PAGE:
5 thoughts on “Building Meaningful Interpretation Around Unsettling Contemporary Art”

  1. Hi there. Thank you for sharing this information- very interesting and valuable to read. I’d love to hear more about teaching with this piece. Did educators use it during school programs, tours, workshops, or otherwise? It would be great to hear about some strategies for creating space to have meaningful discussion and critique amongst visitors with a facilitator/educator present. What approach did the educator take in narrowing the focus of this expansive work? How did it go?

    Thank you!

    1. Great question! I have asked my staff to share their thoughts, but here is a quick response. Yes, we had docents and educators teaching with this work in the galleries, and I, myself, taught with this piece multiple times. For me, it involved a sizeable chunk of viewing time (20 min), followed by an open conversation about what people noticed, heard, and felt as well as using some open-ended questions to provoke bigger thinking and personal connections. I also had a short list of quotes from the artist or other sources that could spark thinking and conversation. But with this piece, there was rarely a group without much to say — everyone left feeling something. We even had several group experience in which participants broke down into tears. At the end of these experiences, I always provided pathways for further learning (additional resources, websites, publications, etc., in relation to both the work itself as well as the conflict in DRC). Our experiences with this piece were so meaningful and rich. It was just one of those moments when I really love the work I get to do as a museum educator (and we could have done so much more, too).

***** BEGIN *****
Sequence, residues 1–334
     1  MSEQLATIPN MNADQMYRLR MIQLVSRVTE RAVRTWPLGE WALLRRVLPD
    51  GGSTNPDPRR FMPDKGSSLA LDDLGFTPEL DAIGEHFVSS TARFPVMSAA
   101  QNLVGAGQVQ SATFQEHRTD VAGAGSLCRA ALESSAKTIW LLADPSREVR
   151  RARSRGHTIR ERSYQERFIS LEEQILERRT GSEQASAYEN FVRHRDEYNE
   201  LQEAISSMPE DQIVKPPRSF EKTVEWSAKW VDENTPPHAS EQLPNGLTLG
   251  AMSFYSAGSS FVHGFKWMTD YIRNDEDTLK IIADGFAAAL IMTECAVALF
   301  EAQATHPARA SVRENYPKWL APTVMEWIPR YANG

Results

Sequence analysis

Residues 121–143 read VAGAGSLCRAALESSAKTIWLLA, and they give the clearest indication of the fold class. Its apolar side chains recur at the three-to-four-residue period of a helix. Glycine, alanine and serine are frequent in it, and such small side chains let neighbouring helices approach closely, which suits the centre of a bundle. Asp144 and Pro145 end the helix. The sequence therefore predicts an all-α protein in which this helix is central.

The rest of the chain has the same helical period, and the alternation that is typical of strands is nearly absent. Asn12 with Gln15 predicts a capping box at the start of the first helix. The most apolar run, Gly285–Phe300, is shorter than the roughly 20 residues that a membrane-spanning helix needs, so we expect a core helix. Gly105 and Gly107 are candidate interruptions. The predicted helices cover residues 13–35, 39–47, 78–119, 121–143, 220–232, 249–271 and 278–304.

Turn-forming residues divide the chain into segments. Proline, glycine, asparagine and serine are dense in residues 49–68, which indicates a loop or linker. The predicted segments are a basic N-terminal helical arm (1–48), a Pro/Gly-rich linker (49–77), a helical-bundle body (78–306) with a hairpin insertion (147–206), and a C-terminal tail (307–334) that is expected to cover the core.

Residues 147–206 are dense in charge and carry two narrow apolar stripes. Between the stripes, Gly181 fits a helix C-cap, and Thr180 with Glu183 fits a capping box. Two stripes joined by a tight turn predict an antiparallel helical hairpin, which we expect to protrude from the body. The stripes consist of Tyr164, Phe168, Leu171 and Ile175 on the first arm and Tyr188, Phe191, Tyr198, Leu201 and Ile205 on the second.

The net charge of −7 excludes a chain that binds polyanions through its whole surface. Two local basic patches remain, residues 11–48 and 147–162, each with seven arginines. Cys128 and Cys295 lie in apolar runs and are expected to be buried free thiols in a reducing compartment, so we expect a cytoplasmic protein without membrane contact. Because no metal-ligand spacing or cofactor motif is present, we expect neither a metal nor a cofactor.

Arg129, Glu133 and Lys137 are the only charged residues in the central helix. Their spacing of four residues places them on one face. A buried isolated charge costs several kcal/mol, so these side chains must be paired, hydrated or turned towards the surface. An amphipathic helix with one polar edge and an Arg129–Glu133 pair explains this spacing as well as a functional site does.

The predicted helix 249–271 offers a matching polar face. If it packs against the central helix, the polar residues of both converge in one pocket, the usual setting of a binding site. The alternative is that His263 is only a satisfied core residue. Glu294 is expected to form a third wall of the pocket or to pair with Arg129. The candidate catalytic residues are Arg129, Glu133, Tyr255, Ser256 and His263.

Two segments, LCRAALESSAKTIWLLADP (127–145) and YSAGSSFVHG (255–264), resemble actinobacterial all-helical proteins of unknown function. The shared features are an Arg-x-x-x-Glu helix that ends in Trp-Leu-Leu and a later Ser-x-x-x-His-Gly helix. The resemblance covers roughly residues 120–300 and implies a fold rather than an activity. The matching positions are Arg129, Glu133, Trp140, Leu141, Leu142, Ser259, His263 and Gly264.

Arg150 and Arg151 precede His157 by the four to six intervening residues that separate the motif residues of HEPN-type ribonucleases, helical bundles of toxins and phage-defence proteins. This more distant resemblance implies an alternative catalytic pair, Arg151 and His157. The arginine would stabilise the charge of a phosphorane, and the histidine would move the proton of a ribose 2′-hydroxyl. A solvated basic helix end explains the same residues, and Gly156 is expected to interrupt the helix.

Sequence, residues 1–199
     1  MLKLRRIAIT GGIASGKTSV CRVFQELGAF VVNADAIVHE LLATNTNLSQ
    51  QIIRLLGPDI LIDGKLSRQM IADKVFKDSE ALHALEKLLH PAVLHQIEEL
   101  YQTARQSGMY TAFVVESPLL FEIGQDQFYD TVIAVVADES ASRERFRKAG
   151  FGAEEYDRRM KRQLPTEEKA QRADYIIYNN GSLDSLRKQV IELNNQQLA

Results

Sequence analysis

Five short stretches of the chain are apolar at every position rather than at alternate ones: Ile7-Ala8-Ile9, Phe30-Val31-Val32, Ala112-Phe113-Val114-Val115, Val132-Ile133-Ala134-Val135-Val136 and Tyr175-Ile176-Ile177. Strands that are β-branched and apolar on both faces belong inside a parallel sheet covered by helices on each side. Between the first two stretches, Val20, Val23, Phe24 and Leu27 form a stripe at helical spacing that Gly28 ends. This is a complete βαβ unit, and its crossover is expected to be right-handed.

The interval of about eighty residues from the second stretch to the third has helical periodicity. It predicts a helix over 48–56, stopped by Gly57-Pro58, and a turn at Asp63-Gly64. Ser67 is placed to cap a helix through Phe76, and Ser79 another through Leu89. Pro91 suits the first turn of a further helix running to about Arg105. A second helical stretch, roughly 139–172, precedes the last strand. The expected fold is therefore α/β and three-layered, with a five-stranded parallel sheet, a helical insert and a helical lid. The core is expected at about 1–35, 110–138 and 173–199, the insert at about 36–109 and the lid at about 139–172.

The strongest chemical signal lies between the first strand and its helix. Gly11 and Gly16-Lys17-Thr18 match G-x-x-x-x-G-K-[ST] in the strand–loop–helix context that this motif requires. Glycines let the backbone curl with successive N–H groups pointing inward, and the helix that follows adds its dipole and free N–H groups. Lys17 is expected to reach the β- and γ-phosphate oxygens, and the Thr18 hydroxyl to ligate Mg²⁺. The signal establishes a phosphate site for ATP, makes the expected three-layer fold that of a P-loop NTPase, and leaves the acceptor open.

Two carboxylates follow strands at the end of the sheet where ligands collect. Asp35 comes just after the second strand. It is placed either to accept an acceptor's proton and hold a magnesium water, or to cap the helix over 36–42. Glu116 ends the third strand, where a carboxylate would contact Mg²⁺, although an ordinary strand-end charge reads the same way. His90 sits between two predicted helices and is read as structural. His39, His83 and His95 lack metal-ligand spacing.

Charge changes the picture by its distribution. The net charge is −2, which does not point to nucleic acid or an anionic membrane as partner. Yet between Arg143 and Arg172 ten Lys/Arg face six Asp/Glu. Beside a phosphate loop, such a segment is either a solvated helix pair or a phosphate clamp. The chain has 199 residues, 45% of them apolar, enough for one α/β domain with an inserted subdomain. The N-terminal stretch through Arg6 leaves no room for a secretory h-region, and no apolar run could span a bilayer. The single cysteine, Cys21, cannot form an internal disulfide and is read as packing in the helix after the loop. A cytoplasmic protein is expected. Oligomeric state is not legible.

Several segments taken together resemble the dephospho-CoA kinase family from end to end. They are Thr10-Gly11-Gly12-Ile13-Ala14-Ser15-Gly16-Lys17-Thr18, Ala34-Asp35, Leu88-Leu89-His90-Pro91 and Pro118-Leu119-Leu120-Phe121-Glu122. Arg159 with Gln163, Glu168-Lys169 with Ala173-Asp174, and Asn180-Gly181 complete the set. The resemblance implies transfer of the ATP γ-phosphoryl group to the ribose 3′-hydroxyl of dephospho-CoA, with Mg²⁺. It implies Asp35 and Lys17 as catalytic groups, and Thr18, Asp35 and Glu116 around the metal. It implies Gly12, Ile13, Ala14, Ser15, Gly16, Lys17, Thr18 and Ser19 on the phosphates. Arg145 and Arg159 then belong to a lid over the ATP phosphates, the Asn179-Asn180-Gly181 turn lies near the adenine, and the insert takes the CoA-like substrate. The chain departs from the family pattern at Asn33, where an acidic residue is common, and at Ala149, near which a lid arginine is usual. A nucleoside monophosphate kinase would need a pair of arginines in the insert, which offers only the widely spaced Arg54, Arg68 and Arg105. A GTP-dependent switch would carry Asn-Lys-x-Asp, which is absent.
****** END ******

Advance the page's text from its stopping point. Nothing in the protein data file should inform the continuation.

2. An impressive project. I’m curious about what the artist thought about the responses. Viewers make of it what they will, but it does sound like he had a purpose in mind.
    As for the lack of valid formative evaluation, the saying is, “If you didn’t have the time to do it right, when will you find the time?”

    1. Rereading my comment, it sounds critical, which was not my intent. More of a “well done, keep it up” hopefully. Some of the best educational/interpretive programmes I have experienced were in art galleries. Planning for exhibits needs to provide the time and resources for well-integrated programmes to develop properly to reach their potential.
      Will the ehibit travel? I’d like to see it?

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